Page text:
Whether you’re trying to prove a point or you’re genuinely interested in testing your limits, a marathon is challenging to tackle, even as a regular runner.
But you probably already know this, and you might have tried once or twice before reading these lines. Failure in training or running a marathon is not something to be ashamed of. You should learn from it and continue trying until you reach your goal.
You can’t take marathon training lightly, as many difficulties can appear. To give you an idea of how to approach it, here are some expert tips on the most challenging parts you will encounter and how to overcome these.
Marathons are all about running but also about resistance and perseverance when your mind tells you it’s time to give up.
Running such long distances isn’t just about your legs but the entire body. So, while you train for distance, also work your core and trunk muscles. Marathon running is possible only when the whole body works perfectly to propel you forward. This is why you must ensure all your muscles are trained and well-developed for enduring physical activity.
Ultimately, it’s about learning to maintain good form, where all your muscles are seamlessly engaged in the activity.
The Time Issue
It takes months of relentless training to prepare for such a long run, and it’s easy to give up as the big day approaches. If you really want to do this, you need plenty of discipline and a bit of creativity. For instance, we know wet and cold weather can hamper our efforts. So mix it up by going to the gym or hiring a treadmill.
This way, you’ll have no excuses to miss practice day.
We don’t know precisely why muscle cramps occur, but they are more likely to show up on runners who don’t have enough training to support a marathon performance.
According to Mayo Clinic, cramps usually show up when a particular muscle or group of muscles get tired, and the communication between the brain and the muscles is temporarily defective. To avoid this situation, you must invest enough time in your training routine before the marathon and ensure appropriate execution.
If you train enough before the marathon, your muscles will be well-adjusted for the required effort. If you follow the correct pace that fits your training level, the execution will not overload your muscles. Remember, this is not a sprint; you don’t have to come in first!
Running for such a long distance requires honesty (knowing your limits and power), discipline in training and execution, and patience. Patience is essential after the first 10 miles when the euphoria usually wears off and you start battling your mind.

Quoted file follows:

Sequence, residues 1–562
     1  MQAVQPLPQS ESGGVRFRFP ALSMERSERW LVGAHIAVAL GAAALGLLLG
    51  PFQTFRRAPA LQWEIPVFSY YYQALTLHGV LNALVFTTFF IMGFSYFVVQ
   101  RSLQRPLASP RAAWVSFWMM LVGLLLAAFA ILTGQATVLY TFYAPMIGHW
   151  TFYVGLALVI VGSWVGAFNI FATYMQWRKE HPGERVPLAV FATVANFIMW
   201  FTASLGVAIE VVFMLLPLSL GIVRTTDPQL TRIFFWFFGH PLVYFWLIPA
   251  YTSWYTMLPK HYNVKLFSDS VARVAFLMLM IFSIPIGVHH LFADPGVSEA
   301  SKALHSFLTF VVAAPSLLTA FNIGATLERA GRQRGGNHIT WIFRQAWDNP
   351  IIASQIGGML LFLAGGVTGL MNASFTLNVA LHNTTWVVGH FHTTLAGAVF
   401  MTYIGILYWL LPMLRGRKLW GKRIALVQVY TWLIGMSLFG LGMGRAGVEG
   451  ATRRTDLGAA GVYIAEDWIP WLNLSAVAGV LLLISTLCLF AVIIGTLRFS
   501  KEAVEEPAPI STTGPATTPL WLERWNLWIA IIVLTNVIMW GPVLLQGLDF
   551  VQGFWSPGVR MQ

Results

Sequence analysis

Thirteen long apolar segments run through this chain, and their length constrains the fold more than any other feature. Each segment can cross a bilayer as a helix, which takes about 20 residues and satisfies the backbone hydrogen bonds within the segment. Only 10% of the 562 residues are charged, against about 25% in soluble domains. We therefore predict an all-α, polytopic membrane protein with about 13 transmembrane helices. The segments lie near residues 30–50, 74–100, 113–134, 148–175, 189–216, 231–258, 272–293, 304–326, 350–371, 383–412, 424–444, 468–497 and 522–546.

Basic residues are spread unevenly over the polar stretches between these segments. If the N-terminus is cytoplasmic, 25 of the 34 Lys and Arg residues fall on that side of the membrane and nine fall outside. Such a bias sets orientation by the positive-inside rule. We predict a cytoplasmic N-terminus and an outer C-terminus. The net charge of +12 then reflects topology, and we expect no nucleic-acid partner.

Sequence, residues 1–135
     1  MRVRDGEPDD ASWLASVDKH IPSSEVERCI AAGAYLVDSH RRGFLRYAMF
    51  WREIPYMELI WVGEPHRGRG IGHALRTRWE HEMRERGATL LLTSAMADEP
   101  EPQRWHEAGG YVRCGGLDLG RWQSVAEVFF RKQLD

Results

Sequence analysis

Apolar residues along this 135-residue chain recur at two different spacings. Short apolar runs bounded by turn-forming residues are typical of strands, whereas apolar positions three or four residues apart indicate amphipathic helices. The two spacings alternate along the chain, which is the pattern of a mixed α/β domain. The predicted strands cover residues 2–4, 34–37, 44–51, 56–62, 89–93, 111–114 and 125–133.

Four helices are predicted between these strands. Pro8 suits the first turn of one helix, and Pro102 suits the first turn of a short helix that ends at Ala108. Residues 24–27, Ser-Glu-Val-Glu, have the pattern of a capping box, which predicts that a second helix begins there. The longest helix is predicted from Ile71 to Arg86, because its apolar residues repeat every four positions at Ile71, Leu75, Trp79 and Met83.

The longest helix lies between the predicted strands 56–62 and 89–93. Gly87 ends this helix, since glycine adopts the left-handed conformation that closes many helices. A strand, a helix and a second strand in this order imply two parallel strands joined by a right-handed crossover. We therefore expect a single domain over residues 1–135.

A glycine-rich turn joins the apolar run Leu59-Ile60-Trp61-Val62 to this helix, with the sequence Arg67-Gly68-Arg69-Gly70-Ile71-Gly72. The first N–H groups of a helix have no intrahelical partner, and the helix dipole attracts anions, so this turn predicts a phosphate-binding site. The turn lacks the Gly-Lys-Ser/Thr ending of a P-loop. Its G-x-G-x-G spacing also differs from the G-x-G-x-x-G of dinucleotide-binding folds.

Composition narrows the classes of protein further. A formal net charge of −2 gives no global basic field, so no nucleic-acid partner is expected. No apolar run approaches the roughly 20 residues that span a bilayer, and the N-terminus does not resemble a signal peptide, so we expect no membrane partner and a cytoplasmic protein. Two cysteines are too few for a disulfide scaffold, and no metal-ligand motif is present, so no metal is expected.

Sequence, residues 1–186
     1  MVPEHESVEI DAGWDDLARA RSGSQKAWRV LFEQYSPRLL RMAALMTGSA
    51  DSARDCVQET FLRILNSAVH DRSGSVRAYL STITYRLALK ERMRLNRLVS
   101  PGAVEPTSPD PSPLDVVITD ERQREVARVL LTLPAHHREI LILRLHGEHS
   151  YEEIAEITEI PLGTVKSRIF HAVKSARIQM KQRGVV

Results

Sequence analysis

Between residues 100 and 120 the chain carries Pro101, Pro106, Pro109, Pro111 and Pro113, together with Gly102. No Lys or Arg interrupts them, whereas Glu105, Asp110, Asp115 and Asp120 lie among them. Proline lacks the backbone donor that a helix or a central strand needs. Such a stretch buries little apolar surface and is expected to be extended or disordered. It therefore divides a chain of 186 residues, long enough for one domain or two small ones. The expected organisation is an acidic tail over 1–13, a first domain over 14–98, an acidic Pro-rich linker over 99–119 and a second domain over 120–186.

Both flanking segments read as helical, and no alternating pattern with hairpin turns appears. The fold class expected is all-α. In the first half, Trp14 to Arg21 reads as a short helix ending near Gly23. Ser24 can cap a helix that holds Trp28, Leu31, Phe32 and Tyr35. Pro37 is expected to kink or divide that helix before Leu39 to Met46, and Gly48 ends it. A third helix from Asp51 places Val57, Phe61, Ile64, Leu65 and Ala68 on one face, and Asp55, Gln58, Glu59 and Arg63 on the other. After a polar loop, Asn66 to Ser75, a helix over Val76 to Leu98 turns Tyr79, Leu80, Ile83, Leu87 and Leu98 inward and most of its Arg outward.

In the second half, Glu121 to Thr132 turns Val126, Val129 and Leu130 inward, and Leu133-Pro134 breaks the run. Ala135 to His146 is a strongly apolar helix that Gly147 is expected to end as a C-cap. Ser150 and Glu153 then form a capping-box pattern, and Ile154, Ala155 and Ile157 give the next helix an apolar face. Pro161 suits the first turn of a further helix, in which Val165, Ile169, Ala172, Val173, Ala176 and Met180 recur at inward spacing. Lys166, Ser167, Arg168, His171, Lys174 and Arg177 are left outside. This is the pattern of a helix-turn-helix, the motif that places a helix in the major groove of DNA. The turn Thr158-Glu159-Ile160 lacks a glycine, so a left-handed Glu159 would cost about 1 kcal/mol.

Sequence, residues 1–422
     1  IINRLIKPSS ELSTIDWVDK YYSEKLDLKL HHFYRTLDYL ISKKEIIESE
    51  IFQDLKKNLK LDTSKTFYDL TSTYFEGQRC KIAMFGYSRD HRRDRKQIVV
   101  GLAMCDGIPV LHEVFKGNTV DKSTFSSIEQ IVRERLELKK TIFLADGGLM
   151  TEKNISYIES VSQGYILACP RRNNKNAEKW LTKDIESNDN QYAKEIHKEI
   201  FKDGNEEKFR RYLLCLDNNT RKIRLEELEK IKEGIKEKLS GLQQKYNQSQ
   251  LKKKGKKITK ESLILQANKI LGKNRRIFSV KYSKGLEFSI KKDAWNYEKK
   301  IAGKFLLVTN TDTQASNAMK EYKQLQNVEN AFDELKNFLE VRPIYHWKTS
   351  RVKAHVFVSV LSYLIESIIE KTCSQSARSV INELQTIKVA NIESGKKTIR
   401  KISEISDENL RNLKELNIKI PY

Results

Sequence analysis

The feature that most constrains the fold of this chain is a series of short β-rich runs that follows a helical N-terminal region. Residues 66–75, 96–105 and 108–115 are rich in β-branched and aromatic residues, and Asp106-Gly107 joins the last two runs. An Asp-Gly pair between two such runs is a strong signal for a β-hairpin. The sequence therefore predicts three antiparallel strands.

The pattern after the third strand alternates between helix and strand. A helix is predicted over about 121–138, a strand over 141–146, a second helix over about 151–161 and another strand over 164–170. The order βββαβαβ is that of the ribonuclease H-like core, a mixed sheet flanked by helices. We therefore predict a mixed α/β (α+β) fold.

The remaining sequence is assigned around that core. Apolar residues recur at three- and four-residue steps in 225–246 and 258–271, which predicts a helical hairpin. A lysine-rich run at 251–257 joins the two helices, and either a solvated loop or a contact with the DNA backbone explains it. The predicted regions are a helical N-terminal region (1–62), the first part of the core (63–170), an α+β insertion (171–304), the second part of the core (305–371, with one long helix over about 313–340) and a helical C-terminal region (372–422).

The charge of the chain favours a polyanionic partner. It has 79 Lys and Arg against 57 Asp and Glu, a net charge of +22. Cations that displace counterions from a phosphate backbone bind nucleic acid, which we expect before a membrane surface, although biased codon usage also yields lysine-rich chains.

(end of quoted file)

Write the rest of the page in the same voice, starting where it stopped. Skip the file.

While the human body can develop the resistance and force required for a marathon, it’s not something it will take lightly. During the training period, you’ll get muscle strain and overuse injuries, with beginners being the most exposed to these problems.
Mix your running with core strength training to avoid getting injured too often. Focus on lower body strength to allow your joints, connective tissues, and muscles to get used to the idea of a sustained physical effort. Be consistent, as muscles tend to relax only after a few days without training.
Remember: if you get injured during training, don’t stress the injury until it’s completely healed. If you have to miss the marathon for this, it’s OK. There will be other marathons to run, but your legs may not recover from a severe injury!
Do you feel like you want to lie down and die every time you finish a long run?
While this may be normal in the first rounds, as your body gets used to the idea, you shouldn’t experience such power outages. You need to sustainably push your body to the limit to build resistance slowly. If you continue to feel poorly at the end of training, you may need to review and correct your running technique.
Another cause for power outages is poor nutrition – your training must be supported by high-quality proteins and carbs that will help your muscles get stronger. You can also use energy drinks during your runs for a boost.
At the end of the day, marathon running is an endurance exercise that can take more than one attempt. If you’re consistent with training and keep mentally strong, it’s undoubtedly achievable if you’re willing to do the work.